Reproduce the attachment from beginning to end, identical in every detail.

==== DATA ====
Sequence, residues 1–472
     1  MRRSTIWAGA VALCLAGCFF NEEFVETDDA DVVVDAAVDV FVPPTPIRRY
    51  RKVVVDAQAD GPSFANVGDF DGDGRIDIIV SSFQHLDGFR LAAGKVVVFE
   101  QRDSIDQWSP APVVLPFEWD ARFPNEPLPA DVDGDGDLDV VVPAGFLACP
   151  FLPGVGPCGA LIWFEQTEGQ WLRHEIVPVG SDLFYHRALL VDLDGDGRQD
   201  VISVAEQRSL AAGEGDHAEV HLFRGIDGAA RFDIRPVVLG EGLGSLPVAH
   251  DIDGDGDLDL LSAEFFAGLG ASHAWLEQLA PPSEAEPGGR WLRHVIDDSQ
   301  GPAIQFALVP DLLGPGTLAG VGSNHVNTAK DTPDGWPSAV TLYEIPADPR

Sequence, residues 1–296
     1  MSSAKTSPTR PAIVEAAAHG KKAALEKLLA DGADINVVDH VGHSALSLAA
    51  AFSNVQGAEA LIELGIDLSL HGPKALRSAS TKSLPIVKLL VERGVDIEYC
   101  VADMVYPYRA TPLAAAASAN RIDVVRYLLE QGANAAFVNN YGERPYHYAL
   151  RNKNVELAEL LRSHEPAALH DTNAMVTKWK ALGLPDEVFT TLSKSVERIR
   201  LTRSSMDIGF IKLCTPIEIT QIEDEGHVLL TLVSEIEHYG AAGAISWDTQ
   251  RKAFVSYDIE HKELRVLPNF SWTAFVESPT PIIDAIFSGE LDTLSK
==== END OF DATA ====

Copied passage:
Sequence, residues 1–472
     1  MRRSTIWAGA VALCLAGCFF NEEFVETDDA DVVVDAAVDV FVPPTPIRRY
    51  RKVVVDAQAD GPSFANVGDF DGDGRIDIIV SSFQHLDGFR LAAGKVVVFE
   101  QRDSIDQWSP APVVLPFEWD ARFPNEPLPA DVDGDGDLDV VVPAGFLACP
   151  FLPGVGPCGA LIWFEQTEGQ WLRHEIVPVG SDLFYHRALL VDLDGDGRQD
   201  VISVAEQRSL AAGEGDHAEV HLFRGIDGAA RFDIRPVVLG EGLGSLPVAH
   251  DIDGDGDLDL LSAEFFAGLG ASHAWLEQLA PPSEAEPGGR WLRHVIDDSQ
   301  GPAIQFALVP DLLGPGTLAG VGSNHVNTAK DTPDGWPSAV TLYEIPADPR

Sequence, residues 1–296
     1  MSSAKTSPTR PAIVEAAAHG KKAALEKLLA DGADINVVDH VGHSALSLAA
    51  AFSNVQGAEA LIELGIDLSL HGPKALRSAS TKSLPIVKLL VERGVDIEYC
   101  VADMVYPYRA TPLAAAASAN RIDVVRYLLE QGANAAFVNN YGERPYHYAL
   151  RNKNVELAEL LRSHEPAALH DTNAMVTKWK ALGLPDEVFT TLSKSVERIR
   201  LTRSSMDIGF IKLCTPIEIT QIEDEGHVLL TLVSEIEHYG AAGAISWDTQ
   251  RKAFVSYDIE HKELRVLPNF SWTAFVESPT PIIDAIFSGE LDTLSK